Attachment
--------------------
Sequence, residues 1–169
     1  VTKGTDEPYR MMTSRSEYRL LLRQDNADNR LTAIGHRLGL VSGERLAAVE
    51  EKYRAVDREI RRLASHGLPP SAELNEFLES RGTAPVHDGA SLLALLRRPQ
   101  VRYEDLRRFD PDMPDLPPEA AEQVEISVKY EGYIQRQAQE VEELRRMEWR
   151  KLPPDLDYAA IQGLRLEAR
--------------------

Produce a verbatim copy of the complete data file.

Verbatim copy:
Sequence, residues 1–169
     1  VTKGTDEPYR MMTSRSEYRL LLRQDNADNR LTAIGHRLGL VSGERLAAVE
    51  EKYRAVDREI RRLASHGLPP SAELNEFLES RGTAPVHDGA SLLALLRRPQ
   101  VRYEDLRRFD PDMPDLPPEA AEQVEISVKY EGYIQRQAQE VEELRRMEWR
   151  KLPPDLDYAA IQGLRLEAR